Like most of the troops in Ukraine, he and other soldiers interviewed are being identified by their call signs because they were not authorized to release their full names to journalists.

Some troops under Hook’s command have little combat experience, he said, though the battle in and around Bakhmut has provided quick and brutal wisdom. Hook, a 33-year-old former sales manager, constantly analyzes how Wagner’s forces order their attacks and flanking maneuvers, then prepares his men to weave when they weave.

“I love to trick them,” he said, “and make a fool of them.”

But Hook and others in the battalion also expressed frustration over the shortage of ammunition and weapons.

While Western backers proclaim they are sending equipment to Ukraine, soldiers said supply becomes a trickle when equipment is handed out, even at the epicenter of fighting closely watched by senior Ukrainian officials. This has made their task of holding the trail and quelling Russian advances more difficult and risky, they said.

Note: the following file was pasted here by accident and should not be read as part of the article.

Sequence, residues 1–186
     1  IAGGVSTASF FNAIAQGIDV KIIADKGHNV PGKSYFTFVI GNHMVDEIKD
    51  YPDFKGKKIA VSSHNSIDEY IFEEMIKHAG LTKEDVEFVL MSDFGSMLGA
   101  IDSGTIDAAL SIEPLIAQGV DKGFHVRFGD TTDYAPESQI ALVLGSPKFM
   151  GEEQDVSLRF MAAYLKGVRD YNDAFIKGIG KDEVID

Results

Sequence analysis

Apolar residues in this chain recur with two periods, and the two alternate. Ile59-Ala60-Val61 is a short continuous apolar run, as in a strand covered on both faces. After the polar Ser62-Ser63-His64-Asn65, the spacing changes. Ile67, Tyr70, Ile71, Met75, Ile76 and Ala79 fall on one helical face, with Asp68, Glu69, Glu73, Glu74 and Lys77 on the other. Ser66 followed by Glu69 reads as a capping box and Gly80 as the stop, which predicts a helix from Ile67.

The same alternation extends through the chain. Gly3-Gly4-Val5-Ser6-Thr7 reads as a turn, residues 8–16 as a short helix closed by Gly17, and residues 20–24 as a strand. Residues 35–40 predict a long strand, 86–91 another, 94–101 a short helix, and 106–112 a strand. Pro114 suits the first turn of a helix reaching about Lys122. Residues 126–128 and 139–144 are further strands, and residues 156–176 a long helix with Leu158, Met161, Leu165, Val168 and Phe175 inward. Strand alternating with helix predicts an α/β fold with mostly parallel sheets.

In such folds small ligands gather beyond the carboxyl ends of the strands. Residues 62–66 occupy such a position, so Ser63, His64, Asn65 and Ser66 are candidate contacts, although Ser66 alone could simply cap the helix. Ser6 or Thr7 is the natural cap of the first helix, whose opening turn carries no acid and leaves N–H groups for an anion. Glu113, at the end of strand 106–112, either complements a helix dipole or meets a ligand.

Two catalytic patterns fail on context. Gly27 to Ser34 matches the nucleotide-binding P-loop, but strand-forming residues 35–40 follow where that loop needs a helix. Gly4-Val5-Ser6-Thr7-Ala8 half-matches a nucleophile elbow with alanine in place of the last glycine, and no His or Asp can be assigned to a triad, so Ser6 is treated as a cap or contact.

A surveillance drone operator called Aviator said the battle for the skies has come down to commercial equipment that often comes from China. He uses a DJI Mavic 3 drone to scout enemy positions and patch up live video for artillery commanders so they can refine strikes in real time.

The Russians, in turn, have a DJI device that can detect their drone’s flight path and launch location, information used to fire on Ukrainian positions, he said.

Russian troops also man a Chinese-made device that can cut the link between their controls and the drone, Aviator said, forcing it to move closer to enemy positions to maintain a strong signal. That puts him within mortar and sniper range, where he can feel the rumble of organs from shell attacks.

The aviator and other drone operators channel their transmissions to a dimly lit farmhouse turned command post in the Donetsk region. Inside, the soldiers lean their Kalashnikovs against the wall, drink coffee from plastic cups and watch videos on two large-screen TVs.